Just remember: The Iranians are great negotiators with a bad hand and you are a terrible negotiator with a good hand.
Trump told Todd that he thought the Iranians shot down a $130 million drone to get his attention because they wanted to talk. (Like when a little kid flicks a paper airplane at your head, but more expensive.) A rare case of Trump’s bloated ego working to our advantage.
It is not hard to imagine Bolton and Mike Pompeo conjuring a Tonkin specter, with a drone or U.S. plane buzzing Iranian airspace to provoke Iran to respond, so we can start a war. It’s also not hard to imagine the two uber-hawks doing this without Trump understanding what’s going on. And it’s certainly easy to think that Trump might not be leveling with us about how this went down.
At least, unlike W. — another underinformed president — Trump is not a captive of the neocons. He has outside advisers, after all: Fox News anchors.
It’s hard to believe that the man standing between us and another world war is Tucker Carlson, late of “Dancing With the Stars.”
But we must count on Carlson, who, The Daily Beast reported, has been calling Trump directly to counteract Sean Hannity, who has been cheerleading on air for a strike, threatening Iran: “You’re going to get the living crap bombed out of you.”
Carlson is pointing out something that Trump needs to hear: “The very people — in some cases, literally the same people who lured us into the Iraq quagmire 16 years ago — are demanding a new war, this one with Iran.” He compared the warped intelligence Bush officials used to justify the 2003 Iraq invasion with the “misplaced certainty” exhibited by Pompeo over iffy evidence that Iran attacked a pair of oil tankers in the Gulf of Oman.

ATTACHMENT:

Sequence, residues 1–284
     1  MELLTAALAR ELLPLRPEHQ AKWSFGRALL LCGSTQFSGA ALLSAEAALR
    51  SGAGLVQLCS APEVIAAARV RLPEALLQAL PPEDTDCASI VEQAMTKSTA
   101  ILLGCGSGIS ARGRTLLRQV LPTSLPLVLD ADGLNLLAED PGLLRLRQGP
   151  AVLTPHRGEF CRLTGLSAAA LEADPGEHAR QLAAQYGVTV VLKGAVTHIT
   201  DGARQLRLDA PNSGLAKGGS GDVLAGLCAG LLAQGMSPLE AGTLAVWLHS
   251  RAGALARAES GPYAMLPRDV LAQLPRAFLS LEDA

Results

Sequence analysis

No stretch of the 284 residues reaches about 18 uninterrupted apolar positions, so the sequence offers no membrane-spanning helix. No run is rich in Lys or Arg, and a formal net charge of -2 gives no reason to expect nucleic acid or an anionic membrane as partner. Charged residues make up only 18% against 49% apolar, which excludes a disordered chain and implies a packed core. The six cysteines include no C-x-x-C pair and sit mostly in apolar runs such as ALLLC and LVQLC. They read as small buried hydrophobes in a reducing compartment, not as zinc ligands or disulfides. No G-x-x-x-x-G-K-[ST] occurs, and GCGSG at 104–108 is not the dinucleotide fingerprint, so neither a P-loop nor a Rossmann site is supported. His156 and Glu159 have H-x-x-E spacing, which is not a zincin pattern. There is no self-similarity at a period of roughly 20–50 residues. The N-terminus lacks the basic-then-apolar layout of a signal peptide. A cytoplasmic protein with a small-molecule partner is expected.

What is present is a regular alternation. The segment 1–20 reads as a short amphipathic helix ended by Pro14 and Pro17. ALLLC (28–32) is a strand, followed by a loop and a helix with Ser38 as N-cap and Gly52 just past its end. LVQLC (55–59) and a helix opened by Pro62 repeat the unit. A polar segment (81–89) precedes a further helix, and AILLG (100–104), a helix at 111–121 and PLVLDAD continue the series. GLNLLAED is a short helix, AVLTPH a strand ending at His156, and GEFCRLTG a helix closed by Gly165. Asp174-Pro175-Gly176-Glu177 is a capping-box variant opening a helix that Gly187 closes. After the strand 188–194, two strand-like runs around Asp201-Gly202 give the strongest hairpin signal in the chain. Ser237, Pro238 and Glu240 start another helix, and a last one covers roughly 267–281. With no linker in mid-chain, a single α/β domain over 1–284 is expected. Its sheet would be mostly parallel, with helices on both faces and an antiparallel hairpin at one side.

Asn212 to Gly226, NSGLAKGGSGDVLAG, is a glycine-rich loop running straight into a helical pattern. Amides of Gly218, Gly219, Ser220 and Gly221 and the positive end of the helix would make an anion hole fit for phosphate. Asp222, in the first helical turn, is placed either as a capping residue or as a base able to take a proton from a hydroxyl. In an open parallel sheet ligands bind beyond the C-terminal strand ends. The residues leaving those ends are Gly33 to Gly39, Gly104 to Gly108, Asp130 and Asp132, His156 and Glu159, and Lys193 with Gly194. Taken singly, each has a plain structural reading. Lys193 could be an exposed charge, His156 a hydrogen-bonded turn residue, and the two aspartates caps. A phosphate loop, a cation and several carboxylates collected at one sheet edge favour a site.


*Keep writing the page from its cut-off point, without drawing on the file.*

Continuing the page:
Carlson also cogently noted that Bolton is goading Trump because, for him, a war with Iran would “be like Christmas, Thanksgiving, his birthday wrapped into one.”
Donald “I always attack back … except 100x more” Trump has always been a faux tough guy. In this case, the faux caused a pause — and that was a good thing.
Shinseki publicly clashed with Secretary of Defense Donald Rumsfeld during the planning of the war in Iraq over how many troops the United States would need to keep in Iraq for the postwar occupation of that country. As Army Chief of Staff, Shinseki testified to the United States Senate Committee on Armed Services on February 25, 2003 that “something in the order of several hundred thousand soldiers” would probably be required for postwar Iraq. This was an estimate far higher than the figure being proposed by Secretary Rumsfeld in his invasion plan, and it was rejected in strong language by both Rumsfeld and his Deputy Secretary of Defense, Paul Wolfowitz, who was another chief planner of the invasion and occupation. From then on, Shinseki’s influence on the Joint Chiefs of Staff reportedly waned. Critics of the Bush Administration alleged that Shinseki was forced into early retirement as Army Chief of Staff because of his comments on troop levels; however, his retirement was announced nearly a year before those comments.
When the insurgency took hold in postwar Iraq, Shinseki’s comments and their public rejection by the civilian leadership were often cited by those who felt the Bush administration deployed too few troops to Iraq. On November 15, 2006, in testimony before Congress, CENTCOM Commander General John Abizaid said that Shinseki had been correct that more troops were needed.